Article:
It is standard practice, when distinguishing between the foundationalist and the coherentist, to construe the coherentist as an internalist. The coherentist, the construal goes, says that justification is solely a matter of coherence, and that coherence, in turn, is solely a matter of internal relations between beliefs. The coherentist, so construed, is an internalist (in the sense I have in mind) in that the coherentist, so construed, says that whether a belief is justified hinges solely on what the subject is (...) like mentally. I argue that this practice is fundamentally misguided, by arguing that the foundationalism / coherentism debate and the internalism / externalism debate are about two very different things, so that there is nothing, qua coherentist, precluding the coherentist from siding with the externalist. I then argue that this spells trouble for two of the three most pressing and widely known objections to coherentism: the Alternative-Systems Objection and the Isolation Objection. (shrink)
Coherentists on epistemic justification claim that all justification is inferential, and that beliefs, when justified, get their justification together (not in isolation) as members of a coherent belief system. Some recent work in formal epistemology shows that “individual credibility” is needed for “witness agreement” to increase the probability of truth and generate a high probability of truth. It can seem that, from this result in formal epistemology, it follows that coherentist justification is not truth-conducive, that it is not the case (...) that, under the requisite conditions, coherentist justification increases the probability of truth and generates a high probability of truth. I argue that this does not follow. (shrink)
Andrew Cling presents a new version of the epistemic regress problem, and argues that intuitionist foundationalism, social contextualism, holistic coherentism, and infinitism fail to solve it. Cling’s discussion is quite instructive, and deserving of careful consideration. But, I argue, Cling’s discussion is not in all respects decisive. I argue that Cling’s dilemma argument against holistic coherentism fails.
Probabilistic support is not transitive. There are cases in which x probabilistically supports y , i.e., Pr( y | x ) > Pr( y ), y , in turn, probabilistically supports z , and yet it is not the case that x probabilistically supports z . Tomoji Shogenji, though, establishes a condition for transitivity in probabilistic support, that is, a condition such that, for any x , y , and z , if Pr( y | x ) > Pr( y (...) ), Pr( z | y ) > Pr( z ), and the condition in question is satisfied, then Pr( z | x ) > Pr( z ). I argue for a second and weaker condition for transitivity in probabilistic support. This condition, or the principle involving it, makes it easier (than does the condition Shogenji provides) to establish claims of probabilistic support, and has the potential to play an important role in at least some areas of philosophy. (shrink)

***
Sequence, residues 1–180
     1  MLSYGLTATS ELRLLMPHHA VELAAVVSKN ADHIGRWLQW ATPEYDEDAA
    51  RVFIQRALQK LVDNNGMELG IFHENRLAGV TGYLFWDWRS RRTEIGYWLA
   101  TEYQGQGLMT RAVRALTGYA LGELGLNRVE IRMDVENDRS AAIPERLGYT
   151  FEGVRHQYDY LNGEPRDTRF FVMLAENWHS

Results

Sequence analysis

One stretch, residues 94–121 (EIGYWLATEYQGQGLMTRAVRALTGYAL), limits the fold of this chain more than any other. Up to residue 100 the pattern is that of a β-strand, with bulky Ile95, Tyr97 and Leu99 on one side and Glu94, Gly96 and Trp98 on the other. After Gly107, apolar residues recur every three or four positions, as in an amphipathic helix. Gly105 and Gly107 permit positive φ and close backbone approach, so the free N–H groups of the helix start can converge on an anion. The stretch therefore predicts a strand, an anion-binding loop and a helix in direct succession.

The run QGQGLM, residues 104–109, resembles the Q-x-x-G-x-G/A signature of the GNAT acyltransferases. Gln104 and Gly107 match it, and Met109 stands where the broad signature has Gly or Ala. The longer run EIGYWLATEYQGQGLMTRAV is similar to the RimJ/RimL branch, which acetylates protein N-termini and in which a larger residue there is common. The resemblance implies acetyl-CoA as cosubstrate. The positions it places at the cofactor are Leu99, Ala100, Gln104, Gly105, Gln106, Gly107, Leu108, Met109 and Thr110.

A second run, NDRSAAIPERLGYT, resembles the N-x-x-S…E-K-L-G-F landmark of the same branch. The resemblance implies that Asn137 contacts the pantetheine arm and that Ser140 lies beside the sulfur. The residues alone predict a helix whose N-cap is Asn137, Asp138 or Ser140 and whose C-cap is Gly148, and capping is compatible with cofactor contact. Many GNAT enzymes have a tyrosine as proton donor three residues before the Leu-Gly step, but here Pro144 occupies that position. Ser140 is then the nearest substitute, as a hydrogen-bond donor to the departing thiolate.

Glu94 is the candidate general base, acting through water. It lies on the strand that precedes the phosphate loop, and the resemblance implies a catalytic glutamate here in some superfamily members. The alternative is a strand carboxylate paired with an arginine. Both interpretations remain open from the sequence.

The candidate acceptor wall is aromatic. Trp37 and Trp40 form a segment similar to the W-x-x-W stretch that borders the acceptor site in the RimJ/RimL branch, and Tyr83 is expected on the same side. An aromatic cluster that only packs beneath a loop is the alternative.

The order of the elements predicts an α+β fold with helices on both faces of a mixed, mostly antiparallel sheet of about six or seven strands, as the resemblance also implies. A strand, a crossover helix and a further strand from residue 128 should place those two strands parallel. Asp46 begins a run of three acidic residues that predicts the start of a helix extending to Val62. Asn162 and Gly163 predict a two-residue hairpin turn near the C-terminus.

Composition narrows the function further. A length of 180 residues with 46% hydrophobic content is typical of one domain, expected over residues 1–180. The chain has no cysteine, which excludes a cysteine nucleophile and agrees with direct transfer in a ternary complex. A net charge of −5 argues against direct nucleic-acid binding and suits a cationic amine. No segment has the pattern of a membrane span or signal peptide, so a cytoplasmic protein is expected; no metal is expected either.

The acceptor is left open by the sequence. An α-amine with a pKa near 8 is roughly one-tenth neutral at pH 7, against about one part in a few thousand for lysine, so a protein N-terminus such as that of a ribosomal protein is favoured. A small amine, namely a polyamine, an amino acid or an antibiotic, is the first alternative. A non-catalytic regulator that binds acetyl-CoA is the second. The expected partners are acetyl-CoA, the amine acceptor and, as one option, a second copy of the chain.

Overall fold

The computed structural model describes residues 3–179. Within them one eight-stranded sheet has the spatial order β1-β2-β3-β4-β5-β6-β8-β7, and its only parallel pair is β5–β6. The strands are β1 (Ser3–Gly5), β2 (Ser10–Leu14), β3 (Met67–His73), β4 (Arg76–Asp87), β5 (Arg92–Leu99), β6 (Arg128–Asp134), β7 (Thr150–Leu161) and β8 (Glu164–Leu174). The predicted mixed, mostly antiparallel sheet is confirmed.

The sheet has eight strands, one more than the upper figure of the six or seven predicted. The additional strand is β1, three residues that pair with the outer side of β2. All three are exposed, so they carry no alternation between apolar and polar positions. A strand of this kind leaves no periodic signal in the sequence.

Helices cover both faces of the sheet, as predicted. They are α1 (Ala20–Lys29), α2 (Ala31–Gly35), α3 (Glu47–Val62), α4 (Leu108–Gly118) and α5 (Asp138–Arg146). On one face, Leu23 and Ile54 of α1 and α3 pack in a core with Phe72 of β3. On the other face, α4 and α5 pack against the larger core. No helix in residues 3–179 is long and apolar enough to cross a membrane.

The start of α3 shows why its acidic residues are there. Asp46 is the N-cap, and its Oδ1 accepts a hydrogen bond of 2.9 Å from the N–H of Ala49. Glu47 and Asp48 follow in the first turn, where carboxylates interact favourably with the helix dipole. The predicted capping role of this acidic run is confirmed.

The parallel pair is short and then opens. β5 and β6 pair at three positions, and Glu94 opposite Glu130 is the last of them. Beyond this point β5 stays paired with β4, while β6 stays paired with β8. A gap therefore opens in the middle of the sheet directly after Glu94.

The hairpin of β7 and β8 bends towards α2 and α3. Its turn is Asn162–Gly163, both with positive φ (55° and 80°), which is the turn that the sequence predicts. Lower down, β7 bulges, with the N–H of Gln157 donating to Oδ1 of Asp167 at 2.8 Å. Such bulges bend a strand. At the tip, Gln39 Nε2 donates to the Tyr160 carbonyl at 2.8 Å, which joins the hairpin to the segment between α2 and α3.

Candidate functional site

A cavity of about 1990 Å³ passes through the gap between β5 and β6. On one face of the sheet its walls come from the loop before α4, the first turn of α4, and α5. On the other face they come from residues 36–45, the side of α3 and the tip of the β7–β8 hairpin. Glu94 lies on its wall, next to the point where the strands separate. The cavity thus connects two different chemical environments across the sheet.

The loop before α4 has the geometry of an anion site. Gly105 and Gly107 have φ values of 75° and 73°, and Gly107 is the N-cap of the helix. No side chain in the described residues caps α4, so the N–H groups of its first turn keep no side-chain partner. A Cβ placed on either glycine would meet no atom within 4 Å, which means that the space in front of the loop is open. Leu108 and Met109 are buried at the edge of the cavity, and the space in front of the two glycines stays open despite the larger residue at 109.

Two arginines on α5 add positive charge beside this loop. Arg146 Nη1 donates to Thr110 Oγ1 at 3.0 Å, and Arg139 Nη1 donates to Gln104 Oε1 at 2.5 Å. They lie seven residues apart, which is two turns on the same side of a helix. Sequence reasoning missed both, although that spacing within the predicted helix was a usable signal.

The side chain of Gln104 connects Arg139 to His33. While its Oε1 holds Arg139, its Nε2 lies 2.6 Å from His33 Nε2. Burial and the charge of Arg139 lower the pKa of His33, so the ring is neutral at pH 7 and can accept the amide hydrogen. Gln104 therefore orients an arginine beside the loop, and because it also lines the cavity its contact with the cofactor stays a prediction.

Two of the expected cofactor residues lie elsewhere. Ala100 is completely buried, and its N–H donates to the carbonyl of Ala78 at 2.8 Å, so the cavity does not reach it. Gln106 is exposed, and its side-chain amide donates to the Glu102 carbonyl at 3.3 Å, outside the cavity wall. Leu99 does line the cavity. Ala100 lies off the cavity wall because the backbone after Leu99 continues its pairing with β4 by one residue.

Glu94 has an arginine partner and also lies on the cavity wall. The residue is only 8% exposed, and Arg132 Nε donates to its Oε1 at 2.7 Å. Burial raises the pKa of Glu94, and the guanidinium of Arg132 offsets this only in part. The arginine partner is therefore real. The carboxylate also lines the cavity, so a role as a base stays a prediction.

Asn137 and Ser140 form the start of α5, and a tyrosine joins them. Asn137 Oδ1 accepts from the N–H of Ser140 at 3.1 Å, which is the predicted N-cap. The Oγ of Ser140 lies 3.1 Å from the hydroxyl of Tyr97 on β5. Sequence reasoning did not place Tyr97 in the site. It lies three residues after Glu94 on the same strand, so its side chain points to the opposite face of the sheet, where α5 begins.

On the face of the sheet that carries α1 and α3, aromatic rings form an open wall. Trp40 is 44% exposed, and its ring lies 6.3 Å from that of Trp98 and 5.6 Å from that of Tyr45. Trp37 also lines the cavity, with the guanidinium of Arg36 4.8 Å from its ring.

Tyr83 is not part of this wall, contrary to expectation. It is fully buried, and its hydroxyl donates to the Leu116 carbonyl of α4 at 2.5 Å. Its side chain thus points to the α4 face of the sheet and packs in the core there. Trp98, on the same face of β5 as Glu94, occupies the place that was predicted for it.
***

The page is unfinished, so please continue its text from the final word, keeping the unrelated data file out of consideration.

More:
Some recent work in formal epistemology shows that “witness agreement” by itself implies neither an increase in the probability of truth nor a high probability of truth—the witnesses need to have some “individual credibility.” It can seem that, from this formal epistemological result, it follows that coherentist justification (i.e., doxastic coherence) is not truth-conducive. I argue that this does not follow. Central to my argument is the thesis that, though coherentists deny that there can be noninferential justification, coherentists do not (...) deny that there can be individual credibility. (shrink)
Igor Douven establishes several new intransitivity results concerning evidential support. I add to Douven’s very instructive discussion by establishing two further intransitivity results and a transitivity result.
This article explores the patient consent process in modern community pharmacy practice and discusses the related ethical dilemmas in this environment. The myth of appropriately informed consent, and irrefutable evidence as to a pharmacist’s intentions when advising a patient, are core issues for discussion. The objective is to clarify where such dilemmas may exist in the consent process and to ultimately form a framework against which ethical guidelines might facilitate resolution of the dilemma faced by the pharmacist who is expected (...) to simultaneously maintain legal and duty of care responsibilities in the patient consent process. (shrink)